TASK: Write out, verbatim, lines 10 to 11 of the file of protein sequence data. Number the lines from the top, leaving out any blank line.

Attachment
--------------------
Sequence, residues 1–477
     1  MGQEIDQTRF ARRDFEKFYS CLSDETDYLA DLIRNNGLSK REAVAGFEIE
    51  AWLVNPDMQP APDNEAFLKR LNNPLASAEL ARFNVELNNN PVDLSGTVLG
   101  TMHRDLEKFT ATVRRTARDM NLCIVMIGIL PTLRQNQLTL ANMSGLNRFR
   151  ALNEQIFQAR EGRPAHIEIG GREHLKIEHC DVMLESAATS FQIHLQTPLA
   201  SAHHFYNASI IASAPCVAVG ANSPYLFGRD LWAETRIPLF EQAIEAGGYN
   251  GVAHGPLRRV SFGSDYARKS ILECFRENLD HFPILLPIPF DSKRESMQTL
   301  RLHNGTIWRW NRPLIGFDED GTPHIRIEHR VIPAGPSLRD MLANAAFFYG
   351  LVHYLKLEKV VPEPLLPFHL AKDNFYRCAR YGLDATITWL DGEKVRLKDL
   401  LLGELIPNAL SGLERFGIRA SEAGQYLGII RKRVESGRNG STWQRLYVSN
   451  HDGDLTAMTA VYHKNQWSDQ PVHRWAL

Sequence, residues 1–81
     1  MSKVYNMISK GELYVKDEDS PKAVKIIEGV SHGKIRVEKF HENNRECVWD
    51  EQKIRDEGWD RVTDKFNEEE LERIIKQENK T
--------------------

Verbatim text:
   401  LLGELIPNAL SGLERFGIRA SEAGQYLGII RKRVESGRNG STWQRLYVSN
   451  HDGDLTAMTA VYHKNQWSDQ PVHRWAL